Renard had insisted that a homunculus body still had most of the limitations of a human one. It had limited energy and while they possessed impressive strength and stamina they were slightly less than his own. They were not, however, designed to account for Mary’s affinity for magic. New body or not, Mary was a spirit, and as a spirit she seemed to prefer floating to walking. She did it from time to time, taking light steps as she seemed to glide across a surface, but she seemed to pantomime it more than actually walk. And while they were on the rooftops, she made no attempt to hide the fact that she hovered through the air, floating like a cloud across alleys. It gave her an air of inhuman grace that betrayed her origins. Full-sized body or not, Mary could never pass for human.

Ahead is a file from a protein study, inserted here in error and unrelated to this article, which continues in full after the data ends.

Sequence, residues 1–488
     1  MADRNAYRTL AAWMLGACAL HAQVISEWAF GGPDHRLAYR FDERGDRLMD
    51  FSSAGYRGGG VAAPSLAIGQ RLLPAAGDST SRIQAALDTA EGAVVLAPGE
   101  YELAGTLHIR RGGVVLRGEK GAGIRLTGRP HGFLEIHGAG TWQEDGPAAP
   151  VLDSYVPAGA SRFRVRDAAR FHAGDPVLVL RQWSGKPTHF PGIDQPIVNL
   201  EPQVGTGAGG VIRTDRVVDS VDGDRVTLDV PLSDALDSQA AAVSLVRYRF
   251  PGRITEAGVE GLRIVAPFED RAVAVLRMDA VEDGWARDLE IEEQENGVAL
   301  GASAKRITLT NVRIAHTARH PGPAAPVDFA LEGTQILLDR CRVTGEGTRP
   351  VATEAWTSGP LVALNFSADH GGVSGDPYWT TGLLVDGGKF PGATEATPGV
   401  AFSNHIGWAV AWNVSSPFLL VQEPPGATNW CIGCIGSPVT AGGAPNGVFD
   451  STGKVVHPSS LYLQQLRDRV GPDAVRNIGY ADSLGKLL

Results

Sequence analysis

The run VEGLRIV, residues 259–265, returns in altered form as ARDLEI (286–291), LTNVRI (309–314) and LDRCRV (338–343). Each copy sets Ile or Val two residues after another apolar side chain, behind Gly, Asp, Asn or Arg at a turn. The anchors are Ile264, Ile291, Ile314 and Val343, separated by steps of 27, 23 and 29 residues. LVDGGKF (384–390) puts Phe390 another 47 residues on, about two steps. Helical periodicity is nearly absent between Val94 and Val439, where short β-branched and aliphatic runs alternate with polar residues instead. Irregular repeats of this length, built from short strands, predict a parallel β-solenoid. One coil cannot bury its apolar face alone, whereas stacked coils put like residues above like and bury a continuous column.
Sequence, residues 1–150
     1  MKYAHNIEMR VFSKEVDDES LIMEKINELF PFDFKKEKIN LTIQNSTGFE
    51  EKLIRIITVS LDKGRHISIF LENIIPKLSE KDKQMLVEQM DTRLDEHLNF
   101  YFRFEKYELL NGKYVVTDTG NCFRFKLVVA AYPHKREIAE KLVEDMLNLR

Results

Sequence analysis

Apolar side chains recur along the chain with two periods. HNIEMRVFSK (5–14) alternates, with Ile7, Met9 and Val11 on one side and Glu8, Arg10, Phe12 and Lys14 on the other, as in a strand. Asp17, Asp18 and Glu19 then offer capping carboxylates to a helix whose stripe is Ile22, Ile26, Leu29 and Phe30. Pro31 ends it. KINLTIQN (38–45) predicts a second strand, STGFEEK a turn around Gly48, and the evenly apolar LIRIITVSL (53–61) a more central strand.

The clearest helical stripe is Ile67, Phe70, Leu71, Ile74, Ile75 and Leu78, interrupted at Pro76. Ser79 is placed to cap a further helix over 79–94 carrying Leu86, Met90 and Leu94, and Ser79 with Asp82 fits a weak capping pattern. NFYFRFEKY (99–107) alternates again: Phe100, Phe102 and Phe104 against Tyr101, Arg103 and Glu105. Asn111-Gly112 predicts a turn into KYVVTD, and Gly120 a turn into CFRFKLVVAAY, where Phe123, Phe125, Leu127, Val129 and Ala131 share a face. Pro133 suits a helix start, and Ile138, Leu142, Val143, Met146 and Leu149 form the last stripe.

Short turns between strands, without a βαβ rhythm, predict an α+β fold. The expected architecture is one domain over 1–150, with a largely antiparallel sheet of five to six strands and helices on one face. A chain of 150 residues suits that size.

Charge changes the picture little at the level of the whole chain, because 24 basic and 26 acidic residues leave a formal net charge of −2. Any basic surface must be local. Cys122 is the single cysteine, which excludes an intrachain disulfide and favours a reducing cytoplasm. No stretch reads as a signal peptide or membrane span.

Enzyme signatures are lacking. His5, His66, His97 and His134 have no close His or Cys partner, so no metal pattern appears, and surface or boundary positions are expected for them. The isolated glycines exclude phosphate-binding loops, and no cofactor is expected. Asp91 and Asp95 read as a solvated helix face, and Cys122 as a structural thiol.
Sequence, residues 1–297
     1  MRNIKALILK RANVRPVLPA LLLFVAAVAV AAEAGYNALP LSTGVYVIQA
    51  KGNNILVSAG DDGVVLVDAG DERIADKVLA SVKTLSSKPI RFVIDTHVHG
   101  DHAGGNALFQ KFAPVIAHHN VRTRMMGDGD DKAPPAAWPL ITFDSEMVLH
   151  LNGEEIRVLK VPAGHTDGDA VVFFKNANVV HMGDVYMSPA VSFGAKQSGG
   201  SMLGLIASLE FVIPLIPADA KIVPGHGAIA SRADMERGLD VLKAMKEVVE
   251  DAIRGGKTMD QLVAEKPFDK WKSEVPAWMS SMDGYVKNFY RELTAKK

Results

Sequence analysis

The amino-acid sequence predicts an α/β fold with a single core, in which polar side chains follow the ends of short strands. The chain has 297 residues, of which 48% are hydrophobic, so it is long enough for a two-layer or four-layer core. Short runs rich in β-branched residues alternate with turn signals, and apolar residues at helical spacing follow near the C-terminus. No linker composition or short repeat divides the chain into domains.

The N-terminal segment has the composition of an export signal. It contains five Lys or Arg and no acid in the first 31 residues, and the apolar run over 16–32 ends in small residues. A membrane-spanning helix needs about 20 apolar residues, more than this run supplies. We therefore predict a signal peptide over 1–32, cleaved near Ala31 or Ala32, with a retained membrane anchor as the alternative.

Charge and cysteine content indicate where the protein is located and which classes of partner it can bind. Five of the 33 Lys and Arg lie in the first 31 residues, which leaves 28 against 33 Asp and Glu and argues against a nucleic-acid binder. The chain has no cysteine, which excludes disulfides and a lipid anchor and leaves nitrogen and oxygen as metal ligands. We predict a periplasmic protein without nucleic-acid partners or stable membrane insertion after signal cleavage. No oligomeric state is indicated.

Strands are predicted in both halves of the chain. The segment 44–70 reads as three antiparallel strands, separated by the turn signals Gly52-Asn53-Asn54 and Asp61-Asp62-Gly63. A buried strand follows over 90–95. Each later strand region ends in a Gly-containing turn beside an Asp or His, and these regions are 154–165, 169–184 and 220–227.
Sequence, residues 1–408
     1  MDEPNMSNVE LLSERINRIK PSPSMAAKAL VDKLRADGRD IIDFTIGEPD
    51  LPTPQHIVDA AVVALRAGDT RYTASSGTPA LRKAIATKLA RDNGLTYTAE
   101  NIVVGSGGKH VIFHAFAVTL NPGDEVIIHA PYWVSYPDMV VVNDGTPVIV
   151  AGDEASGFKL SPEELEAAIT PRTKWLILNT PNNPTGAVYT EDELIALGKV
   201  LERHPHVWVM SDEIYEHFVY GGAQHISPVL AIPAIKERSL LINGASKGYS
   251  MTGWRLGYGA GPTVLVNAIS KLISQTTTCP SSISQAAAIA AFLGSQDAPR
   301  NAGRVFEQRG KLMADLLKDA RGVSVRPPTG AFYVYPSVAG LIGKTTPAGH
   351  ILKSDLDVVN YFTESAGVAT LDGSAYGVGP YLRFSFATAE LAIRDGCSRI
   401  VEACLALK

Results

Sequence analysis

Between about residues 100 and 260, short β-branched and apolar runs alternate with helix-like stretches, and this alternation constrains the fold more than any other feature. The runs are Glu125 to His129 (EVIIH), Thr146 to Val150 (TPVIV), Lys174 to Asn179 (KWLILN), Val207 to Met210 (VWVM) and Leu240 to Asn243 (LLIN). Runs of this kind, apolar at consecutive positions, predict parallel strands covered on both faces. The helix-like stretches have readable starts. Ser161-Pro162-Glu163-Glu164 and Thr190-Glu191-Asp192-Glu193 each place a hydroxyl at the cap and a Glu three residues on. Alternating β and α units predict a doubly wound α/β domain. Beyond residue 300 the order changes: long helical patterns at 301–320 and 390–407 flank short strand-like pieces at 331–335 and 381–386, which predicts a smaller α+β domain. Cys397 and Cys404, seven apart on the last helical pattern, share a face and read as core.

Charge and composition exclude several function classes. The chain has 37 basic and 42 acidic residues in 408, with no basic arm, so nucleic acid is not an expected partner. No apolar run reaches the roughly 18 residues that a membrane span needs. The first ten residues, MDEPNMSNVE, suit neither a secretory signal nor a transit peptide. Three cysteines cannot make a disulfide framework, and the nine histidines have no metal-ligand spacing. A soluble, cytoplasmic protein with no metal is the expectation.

“So tell me how your hunts go,” Mary said. “What do you do to hunt spirits that aren’t in dreams?” There was a bit of bite in her words, but Aurelio ignored them.

“It’s not all that different,” Aurelio said. “Everything leaves a trail when it moves through a place, spirits just leave a different kind of trail. It’s…hard to describe at times, more like a feeling left in a room than a footprint, but it’s enough for me to track one.”

“So you track down a spirt,” Mary said. “And then?”

Aurelio gestured to his bow. “I put an arrow through it, simple as that.”

“And that’s what you wanted to do with me?” Mary frowned.

“At first,” Aurelio wasn’t afraid to say it. “At the time you were just a rogue spirit. You could have killed someone if we didn’t stop you. It was Elisa and Sybilla who insisted on taking you alive.”

“And what do you do about benevolent spirits?” Mary asked. “Or do you make the distinction?”